'This request is a down-payment on the president's commitment to help affected states recover from the storm...' White House Budget Direct Mick Mulvaney wrote to US House of Representatives Speaker Paul Ryan. Photograph:( Reuters )
U.S. President Donald Trump has asked Congress for an initial $7.85 billion for Hurricane Harvey recovery efforts, the White House budget director said on Friday, adding that failure to raise the budget ceiling may hinder disaster relief spending.
In a letter to U.S. House of Representatives Speaker Paul Ryan, White House budget director Mick Mulvaney said the request included $7.4 billion for the Federal Emergency Management Agency's Disaster Relief Fund and $450 million for the Small Business Administration's disaster loan program.
"This request is a down-payment on the president's commitment to help affected states recover from the storm, and future requests will address longer-term rebuilding needs," Mulvaney said.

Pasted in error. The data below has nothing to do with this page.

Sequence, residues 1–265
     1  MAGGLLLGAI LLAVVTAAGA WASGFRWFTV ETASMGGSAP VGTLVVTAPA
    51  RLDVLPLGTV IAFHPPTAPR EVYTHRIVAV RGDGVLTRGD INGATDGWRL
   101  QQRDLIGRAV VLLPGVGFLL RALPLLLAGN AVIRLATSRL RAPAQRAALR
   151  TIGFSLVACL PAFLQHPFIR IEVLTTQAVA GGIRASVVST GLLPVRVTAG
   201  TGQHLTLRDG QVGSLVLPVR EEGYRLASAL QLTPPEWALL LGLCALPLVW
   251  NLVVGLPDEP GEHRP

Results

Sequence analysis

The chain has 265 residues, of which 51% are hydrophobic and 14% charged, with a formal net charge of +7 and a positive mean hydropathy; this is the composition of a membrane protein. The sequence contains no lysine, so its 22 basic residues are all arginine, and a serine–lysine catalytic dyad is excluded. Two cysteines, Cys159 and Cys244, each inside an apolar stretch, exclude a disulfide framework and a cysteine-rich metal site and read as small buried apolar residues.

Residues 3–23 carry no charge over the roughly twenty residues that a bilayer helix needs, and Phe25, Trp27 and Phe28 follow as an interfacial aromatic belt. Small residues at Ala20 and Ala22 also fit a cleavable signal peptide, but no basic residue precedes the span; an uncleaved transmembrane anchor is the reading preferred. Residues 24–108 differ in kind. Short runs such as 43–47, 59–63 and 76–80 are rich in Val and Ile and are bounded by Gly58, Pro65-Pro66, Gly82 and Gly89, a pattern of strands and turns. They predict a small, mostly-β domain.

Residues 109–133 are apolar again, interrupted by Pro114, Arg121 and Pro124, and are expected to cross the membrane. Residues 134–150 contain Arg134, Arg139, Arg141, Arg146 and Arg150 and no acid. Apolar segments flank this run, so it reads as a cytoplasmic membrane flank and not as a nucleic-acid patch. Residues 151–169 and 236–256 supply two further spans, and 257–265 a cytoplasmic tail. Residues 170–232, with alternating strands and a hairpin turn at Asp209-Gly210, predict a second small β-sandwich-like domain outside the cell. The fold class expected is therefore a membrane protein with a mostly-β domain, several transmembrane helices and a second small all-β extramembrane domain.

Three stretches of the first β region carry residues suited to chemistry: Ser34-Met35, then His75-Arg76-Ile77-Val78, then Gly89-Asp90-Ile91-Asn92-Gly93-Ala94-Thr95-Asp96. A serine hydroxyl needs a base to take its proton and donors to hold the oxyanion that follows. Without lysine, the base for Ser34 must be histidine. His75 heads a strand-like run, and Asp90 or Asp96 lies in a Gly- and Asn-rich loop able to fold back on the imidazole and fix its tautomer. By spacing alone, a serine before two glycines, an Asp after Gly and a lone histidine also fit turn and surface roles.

Trump had been expected to request $5.95 billion for the recovery effort after Harvey flooded areas of Houston and other parts of Texas.
The White House has said that it would make multiple requests for aid from Congress to fund the Harvey recovery effort. White House homeland security adviser Tom Bossert told reporters on Thursday aid funding requests would come in stages as more became known about the impact of the storm.
Texas Governor Greg Abbott has said that his state may need more than $125 billion.
Bossert said the Trump administration wanted Congress to pass the disaster relief measure on its own and not add it to other measures, such as the effort to raise the debt ceiling.
The U.S. government has a statutory limit on how much money it can borrow to cover the budget deficit that results from Washington spending more than it collects in taxes. Only Congress can raise that limit.
Mulvaney urged Congress to act "expeditiously to ensure that the debt ceiling does not affect these critical response and recovery efforts."
Senate Appropriations Committee Chairman Thad Cochran said in a statement that his panel "will move swiftly to consider requests for relief funding as it receives them.”